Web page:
Built to fail: System resiliency is not relegated to the cloud

Advances in software architecture over the last eight to 10 years have led to more complex and dynamic software architectures in the form of …


RSS-1

Google says its voice search system is now more accurate, especially in noisy places

Google voice search on the web.

If you’ve noticed Google doing a better job of understanding what you say using speech recognition on your smartphone lately, you’re not crazy. Google’s voice search has indeed become more accurate, thanks to advances in artificial intelligence, the tech company announced today.

“Today, we’re happy to announce we built even better neural network acoustic models using Connectionist Temporal Classification (CTC) and sequence discriminative training techniques,” Google Speech Team members Haşim Sak, Andrew Senior, Kanishka Rao, Françoise Beaufays and Johan Schalkwyk wrote in a blog post today. “These models are a special extension of recurrent neural networks (RNNs) that are more accurate, especially in noisy environments, and they are blazingly fast!”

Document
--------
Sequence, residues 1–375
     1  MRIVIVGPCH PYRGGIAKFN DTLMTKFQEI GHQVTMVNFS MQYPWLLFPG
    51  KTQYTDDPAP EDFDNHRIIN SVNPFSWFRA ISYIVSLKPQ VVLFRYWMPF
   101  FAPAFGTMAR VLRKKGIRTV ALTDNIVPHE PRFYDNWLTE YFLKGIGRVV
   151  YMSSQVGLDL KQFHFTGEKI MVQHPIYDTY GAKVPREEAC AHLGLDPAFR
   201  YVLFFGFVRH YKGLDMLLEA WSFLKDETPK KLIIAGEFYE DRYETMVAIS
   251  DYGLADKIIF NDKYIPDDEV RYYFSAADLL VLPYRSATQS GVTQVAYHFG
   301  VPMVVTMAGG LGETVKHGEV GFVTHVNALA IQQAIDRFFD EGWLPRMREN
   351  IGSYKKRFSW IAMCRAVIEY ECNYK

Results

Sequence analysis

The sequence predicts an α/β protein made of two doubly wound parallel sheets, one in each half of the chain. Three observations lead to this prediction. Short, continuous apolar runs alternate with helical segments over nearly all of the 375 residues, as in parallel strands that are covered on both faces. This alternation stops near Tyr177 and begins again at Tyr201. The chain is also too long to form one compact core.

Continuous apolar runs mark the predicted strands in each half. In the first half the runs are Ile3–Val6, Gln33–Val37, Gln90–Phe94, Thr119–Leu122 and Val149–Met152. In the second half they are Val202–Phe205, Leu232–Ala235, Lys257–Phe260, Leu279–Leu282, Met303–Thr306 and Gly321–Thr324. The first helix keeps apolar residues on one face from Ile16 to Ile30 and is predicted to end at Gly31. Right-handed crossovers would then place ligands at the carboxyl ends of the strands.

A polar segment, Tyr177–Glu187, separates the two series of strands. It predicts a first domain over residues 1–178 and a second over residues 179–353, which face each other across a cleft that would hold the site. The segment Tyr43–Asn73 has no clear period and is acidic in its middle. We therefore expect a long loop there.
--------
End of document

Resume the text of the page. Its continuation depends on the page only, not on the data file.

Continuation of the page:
The new models are working in the Google app for iOS and Android, as well as dictation on Android, which works inside of some third-party apps, the team members wrote.

From VentureBeat

Location, location, location — Not using geolocation to reach your mobile customers? Your competitors are. Find out what you’re missing.

Google has reported improvements in voice search not once but twice this year. Clearly the company has been investing in the underlying technology. RNNs are one increasingly popular approach to doing deep learning, a type of artificial intelligence, and Google is widely thought to have a deep bench in deep learning.

But Apple and Microsoft, among others, have also been working to improve their voice recognition capabilities. Meanwhile, Facebook is also doing more in the area, having acquired a speech recognition company, Wit.ai, some months ago.

Speech could become more important as an input to searching the Web in the years to come. Baidu’s Andrew Ng, who is known for his work on the so-called Google Brain, last year predicted that within five years “50 percent of queries will be on speech or images.”

“In addition to requiring much lower computational resources, the new models are more accurate, robust to noise, and faster to respond to voice search queries — so give it a try, and happy (voice) searching!” wrote Sak, Senior, Rao, Beaufays, and Schalkwyk.

Read the full blog post for more detail on how the team managed to get the new performance gains.

More information:

Powered by VBProfiles


RSS-3